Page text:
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According To Guinness, Sherlock Holmes Is The Most Portrayed Literary Human Character

Today In Obvious

To be more specific, as Sherlock Holmes would expect us to be, he’s now the most portrayed literary human character in film and television. That according to the Guinness Book of World Records who say the detective beat William Shakespeare’s Hamlet for the title. Hmm…I wonder how that happened…

Sir Author Conan Doyle’s fictional detective has been depicted on screen an amazing 254 times according to Guinness. They write, “Since his creation in 1887, Sherlock Holmes has been played by over 75 actors including Sir Christopher Lee, Charlton Heston, Peter O’Toole, Christopher Plummer, Peter Cook, Roger Moore, John Cleese, Benedict Cumberbatch and Robert Downey Jr.

I would say Downey Jr.’s Sherlock Holmes, Cumberbatch’s Sherlock, and the more recent Jonny Lee Miller’s Elementary series would have put Sherlock over the top but the character in second place doesn’t even come close. To compare, Shakespeare’s Hamlet has been depicted just 48 different times.

Guinness World Records adjudicator Claire Burgess said, “Sherlock Holmes is a literary institution. This Guinness World Records title reflects his enduring appeal and demonstrates that his detective talents are as compelling today as they were 125 years ago.”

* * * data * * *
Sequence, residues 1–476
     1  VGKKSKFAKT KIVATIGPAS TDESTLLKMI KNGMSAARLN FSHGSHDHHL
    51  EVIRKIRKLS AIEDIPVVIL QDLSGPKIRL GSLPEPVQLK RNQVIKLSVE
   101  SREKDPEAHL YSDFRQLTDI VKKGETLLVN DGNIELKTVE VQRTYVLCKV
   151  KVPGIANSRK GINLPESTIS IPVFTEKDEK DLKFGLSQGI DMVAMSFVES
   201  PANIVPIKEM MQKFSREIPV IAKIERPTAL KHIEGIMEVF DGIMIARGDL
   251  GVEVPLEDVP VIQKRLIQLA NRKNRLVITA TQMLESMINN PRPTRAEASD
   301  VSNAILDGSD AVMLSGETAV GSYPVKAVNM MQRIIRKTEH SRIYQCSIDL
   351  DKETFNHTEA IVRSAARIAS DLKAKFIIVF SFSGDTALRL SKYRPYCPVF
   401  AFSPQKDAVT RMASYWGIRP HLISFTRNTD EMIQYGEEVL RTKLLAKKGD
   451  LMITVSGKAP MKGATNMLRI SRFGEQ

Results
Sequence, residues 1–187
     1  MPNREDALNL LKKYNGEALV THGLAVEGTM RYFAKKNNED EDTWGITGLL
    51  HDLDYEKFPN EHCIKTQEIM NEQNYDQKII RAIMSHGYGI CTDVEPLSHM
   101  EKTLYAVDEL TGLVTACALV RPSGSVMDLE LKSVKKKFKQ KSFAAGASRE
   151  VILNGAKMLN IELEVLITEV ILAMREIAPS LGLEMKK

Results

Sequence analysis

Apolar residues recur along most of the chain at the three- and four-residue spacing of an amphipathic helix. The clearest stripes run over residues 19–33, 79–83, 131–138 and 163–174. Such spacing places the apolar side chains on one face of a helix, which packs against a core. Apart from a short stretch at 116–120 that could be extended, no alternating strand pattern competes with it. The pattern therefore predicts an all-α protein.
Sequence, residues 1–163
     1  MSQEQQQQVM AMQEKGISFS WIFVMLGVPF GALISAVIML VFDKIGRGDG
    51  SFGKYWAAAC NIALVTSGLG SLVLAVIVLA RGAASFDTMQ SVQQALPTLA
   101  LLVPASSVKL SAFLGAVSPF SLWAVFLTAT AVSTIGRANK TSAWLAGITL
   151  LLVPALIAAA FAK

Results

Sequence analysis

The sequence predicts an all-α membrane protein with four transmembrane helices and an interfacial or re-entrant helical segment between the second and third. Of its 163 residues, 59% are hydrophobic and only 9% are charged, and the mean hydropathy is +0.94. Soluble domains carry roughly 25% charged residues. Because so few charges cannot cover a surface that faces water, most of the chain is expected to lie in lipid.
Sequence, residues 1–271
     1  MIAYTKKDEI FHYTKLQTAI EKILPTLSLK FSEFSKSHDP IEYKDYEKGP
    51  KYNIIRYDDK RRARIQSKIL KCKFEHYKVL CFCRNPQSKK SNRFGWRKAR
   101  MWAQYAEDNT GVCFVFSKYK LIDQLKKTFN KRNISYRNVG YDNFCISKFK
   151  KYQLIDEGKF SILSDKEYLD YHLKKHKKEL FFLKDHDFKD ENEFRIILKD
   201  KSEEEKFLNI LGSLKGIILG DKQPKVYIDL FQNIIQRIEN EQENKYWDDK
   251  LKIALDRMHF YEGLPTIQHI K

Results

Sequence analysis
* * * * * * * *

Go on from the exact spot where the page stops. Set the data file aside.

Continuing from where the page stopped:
There was that small caveat in the title – the word human. “Sherlock is not the overall most portrayed literary character in film. That title belongs to the non-human character Dracula, who has been portrayed in 272 films,” writes Guinness.

So, who’s your favorite Holmes?

(via Guinness World Records)

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Jill Pantozzi is a pop-culture journalist and host who writes about all things nerdy and beyond! She’s Editor in Chief of the geek girl culture site The Mary Sue (Abrams Media Network), and hosts her own blog “Has Boobs, Reads Comics” ( She co-hosts the Crazy Sexy Geeks podcast along with superhero historian Alan Kistler, contributed to a book of essays titled “Chicks Read Comics,” (Mad Norwegian Press) and had her first comic book story in the IDW anthology, “Womanthology.” In 2012, she was featured on National Geographic’s "Comic Store Heroes," a documentary on the lives of comic book fans and the following year she was one of many Batman fans profiled in the documentary, "Legends of the Knight."